Should I Move to a Private Property?

The decision to upgrade from a HDB makes sense. Now what? Moving houses and purchasing new properties always bring out dilemmas and countless questions. 

What is the purchasing process of private property? Is this a safe investment to be made? What other considerations should I take into account?

This article will cover the fundamentals to consider when deciding whether to move.

 

Understanding Singapore’s Real Estate Context

In a previous article, we noticed that as a family’s monthly income increases, the more likely that they move to private properties. Income ceilings may be a form of motivation for higher-income households to move away from HDB properties.

Another motivation that may encourage residents to move up Singapore’s residential market is the investment opportunities that private properties provide. There is a key fundamental difference between HDB and private properties. 

In the Singapore context, HDBs are built for the owner’s stay. Boosted with grants and subsidies, the government promotes essential home ownership in BTO and resale flats. 

For HDB apartments, no matter how much paper gain your property makes, that equity is trapped. Let’s say you buy a BTO for $450k, and now it is worth $750k after five years of MOP. The paper gain for $300k cannot be withdrawn unless the property is sold. This is unlike private property, where owners can take up an equity term loan to finance their property, providing their equity when the property appreciates.

Additionally, renting out a bedroom or an entire unit is a common passive income for property owners. HDB flats under the Home Ownership Schemes are meant for owners to stay in, renting out a flat or room is possible with abidance of the below requirements.

As shown above, there are lesser restrictions to renting out as a private property owner than a HDB flat owner. If you are interested in potentially renting out a room or two, this may be something you may want to consider.


Recognising Transaction Costs & Ownership Expenses Involved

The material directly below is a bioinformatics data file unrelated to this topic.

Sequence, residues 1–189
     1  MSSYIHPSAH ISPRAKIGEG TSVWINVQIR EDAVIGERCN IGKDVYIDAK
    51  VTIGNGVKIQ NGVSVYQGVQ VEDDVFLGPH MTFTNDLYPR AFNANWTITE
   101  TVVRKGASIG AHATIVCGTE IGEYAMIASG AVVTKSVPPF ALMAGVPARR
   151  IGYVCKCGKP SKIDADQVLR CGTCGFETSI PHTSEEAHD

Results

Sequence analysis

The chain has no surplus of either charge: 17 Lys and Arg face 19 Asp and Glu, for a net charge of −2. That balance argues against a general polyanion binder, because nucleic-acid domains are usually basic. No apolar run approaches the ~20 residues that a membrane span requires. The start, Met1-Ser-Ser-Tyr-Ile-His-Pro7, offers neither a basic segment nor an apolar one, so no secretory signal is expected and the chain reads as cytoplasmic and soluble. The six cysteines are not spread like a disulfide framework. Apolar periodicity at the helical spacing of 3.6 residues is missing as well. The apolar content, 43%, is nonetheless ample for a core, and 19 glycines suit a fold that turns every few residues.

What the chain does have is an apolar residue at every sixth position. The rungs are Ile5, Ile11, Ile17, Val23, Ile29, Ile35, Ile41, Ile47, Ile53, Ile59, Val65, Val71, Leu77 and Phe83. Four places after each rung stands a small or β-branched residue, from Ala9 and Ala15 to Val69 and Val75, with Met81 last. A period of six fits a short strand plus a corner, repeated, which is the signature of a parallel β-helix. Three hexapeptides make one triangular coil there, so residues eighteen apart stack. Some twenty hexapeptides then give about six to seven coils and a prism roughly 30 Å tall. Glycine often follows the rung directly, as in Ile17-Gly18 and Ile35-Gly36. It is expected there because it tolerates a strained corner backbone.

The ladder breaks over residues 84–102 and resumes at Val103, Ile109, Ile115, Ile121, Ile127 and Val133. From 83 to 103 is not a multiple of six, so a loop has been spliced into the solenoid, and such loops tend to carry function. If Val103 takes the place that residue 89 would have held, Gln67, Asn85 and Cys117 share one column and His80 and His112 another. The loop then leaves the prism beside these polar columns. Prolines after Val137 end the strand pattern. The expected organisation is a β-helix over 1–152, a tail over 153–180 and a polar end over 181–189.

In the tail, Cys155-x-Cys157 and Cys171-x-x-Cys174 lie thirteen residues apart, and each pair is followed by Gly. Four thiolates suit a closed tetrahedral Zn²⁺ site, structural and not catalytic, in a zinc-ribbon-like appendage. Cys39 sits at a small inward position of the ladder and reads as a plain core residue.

To envision and have a better understanding of costs and expenses involved, let us look at the below summary table that covers the initial cost of a private property.

To ‘reserve’ the property from the seller, prospective buyers have to sign an Option to Purchase (OTP) agreement. This legal agreement would require paying a small booking fee (an Option Fee), and in exchange, the seller cannot sell the property to another partner during the time stated in the agreement. The Option Fee to obtain and exercise the OTP is typically 1% & 4% of the purchase price, respectively (subject to buyer & seller agreement). 

Buyers have to pay a Buyer’s Stamp Duty (BSD) tax levied on all property purchases in Singapore. The amount of BSD depends on the highest amount between the purchase price and market value/ valuation of the property multiplied by the appropriate rate stipulated. Additional Buyer’s Stamp Duty (ABSD) is a tax that is levied on top of BSD. It depends similarly to the BSD, except the rate stipulated is different.

Valuation fees are paid to a professional appraiser for a valuation of the property to find out its market value.

Legal fees involved include professional fees for lawyers, title searches and mortgage stamping fees. Cash over Valuation (COV) is the difference between the selling price and the property valuation.

The largest bulk of the cost will be the purchase price which will be covered in the next section.

Aside from the initial cost of purchasing a property, there are recurring costs to the purchase. A summary of these costs is as follows:

Property tax is a tax on property ownership and applies whether the property is occupied by the owner, rented out or left vacant. It is calculated by multiplying the property’s Annual Value (AV) by the applicable property tax rates. The AV of properties would be the estimated gross annual rent of the property if it were to be rented out. 

Depending on the condominium management (if you intend to purchase a condominium), there will be a monthly service charge to cover the maintenance costs of the housing estate.